A study of the principles and practice of modern instrumental methods of analysis and of chemical instrumentation. Spectroscopic, chromatographic and surface analysis techniques are emphasized.

CHEM 380. Advanced Organic Chemistry
Study of advanced current topics in Organic chemistry. Each 0.5 semester course will have a different emphasis, such as Medicinal Chemistry, Physical Organic Chemistry, or Advanced Synthetic Methods.

COMP 151. Introduction to Programming
Introduction to Programming teaches basic programming skills that are applicable to a variety of disciplines and also acts as a bridge to continued studies in Computer Science. Students will work with the Python programming language in order to solve basic problems involving digital media: text, images, and sound. By the end of the course students will be able to read and develop computer programs utilizing the following programming concepts: basic data types and encoding, variables and scope, array and list data structures, if statements and conditional execution, loops and iteration, functions, and object types.

GPHS 101. Introduction to Public Health
This course will introduce students to the field of public health, which focuses on the physical, mental and social well-being of populations. Course topics will include tools for understanding public health; health policy and law; ethics; prevention of disease and disability; healthcare systems; and contemporary public health issues.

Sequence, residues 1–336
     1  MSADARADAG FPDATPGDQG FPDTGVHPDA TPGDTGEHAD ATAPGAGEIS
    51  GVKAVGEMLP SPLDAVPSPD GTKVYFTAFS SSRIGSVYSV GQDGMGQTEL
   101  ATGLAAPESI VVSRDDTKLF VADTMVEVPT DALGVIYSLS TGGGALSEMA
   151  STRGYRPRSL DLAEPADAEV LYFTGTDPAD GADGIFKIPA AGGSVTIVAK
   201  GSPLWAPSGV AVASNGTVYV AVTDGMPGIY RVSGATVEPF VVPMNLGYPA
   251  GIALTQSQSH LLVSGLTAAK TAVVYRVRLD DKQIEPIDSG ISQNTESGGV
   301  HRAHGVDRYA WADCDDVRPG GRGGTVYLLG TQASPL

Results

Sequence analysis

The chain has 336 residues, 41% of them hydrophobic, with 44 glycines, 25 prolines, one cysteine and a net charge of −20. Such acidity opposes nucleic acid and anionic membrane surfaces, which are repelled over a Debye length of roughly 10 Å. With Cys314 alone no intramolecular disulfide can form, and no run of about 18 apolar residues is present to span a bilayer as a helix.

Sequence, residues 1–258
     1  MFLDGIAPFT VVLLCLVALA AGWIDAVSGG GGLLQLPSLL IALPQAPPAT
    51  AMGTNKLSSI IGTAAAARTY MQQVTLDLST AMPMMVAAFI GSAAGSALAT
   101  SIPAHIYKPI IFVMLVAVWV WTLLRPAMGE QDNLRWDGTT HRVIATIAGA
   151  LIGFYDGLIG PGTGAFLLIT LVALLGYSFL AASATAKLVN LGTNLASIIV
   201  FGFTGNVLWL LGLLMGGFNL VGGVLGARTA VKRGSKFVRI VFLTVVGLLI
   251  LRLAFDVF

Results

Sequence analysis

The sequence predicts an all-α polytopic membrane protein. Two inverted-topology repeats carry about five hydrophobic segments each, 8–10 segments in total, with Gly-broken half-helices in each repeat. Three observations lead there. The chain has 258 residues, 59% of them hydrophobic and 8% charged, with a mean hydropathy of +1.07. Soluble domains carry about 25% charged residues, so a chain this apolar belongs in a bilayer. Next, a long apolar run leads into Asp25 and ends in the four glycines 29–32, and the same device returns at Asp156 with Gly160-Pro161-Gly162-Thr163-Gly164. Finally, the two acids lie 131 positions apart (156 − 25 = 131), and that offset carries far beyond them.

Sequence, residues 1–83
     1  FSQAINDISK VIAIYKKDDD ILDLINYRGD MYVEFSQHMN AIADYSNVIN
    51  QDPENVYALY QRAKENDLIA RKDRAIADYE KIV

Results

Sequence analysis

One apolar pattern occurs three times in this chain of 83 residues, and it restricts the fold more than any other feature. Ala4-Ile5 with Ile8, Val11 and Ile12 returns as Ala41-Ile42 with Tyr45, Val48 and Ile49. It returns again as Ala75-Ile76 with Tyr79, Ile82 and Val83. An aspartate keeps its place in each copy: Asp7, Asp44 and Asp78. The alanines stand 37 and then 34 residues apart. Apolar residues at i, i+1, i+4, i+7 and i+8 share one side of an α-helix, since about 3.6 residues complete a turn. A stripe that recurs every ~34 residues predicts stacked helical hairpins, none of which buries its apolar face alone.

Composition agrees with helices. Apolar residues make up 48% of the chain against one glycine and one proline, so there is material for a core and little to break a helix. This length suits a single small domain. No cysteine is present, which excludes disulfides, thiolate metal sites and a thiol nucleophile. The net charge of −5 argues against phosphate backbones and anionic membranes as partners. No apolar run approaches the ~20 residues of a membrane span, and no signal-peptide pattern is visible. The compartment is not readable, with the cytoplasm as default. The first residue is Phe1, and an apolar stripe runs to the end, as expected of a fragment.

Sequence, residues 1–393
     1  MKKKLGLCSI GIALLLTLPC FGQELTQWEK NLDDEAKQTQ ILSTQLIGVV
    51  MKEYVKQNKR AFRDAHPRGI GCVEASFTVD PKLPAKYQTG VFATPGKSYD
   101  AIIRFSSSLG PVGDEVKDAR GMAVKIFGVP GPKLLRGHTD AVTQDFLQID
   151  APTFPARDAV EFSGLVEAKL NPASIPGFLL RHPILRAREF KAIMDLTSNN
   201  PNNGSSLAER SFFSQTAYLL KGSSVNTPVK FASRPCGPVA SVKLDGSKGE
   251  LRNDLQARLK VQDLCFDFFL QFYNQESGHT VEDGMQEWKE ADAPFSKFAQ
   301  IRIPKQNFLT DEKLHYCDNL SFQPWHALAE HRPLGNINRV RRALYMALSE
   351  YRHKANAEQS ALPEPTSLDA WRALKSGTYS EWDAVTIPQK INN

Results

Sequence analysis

GPHS 105. Introduction to Epidemiology
This course will provide students with an introduction to the field of Epidemiology, which is the study of the distribution and determinants of health and diseases in populations. Course content will include the history of the field; current tools and use of data to study disease; descriptive epidemiology; association and causation; analytic epidemiology; and applications to public health and policy.

NEUR 350. Science Seminar
An introduction to the literature of the physical and biological sciences providing the student with the opportunity to prepare and present oral reports. Two semesters are required for students majoring in neuroscience; one semester must be taken in the senior year.

NEUR 420. Neuroscience Research Seminar
The development and completion of a major research project during the senior year. Students will read and critique their own and other research literature, and conduct and report their research project. A senior comprehensive examination is administered.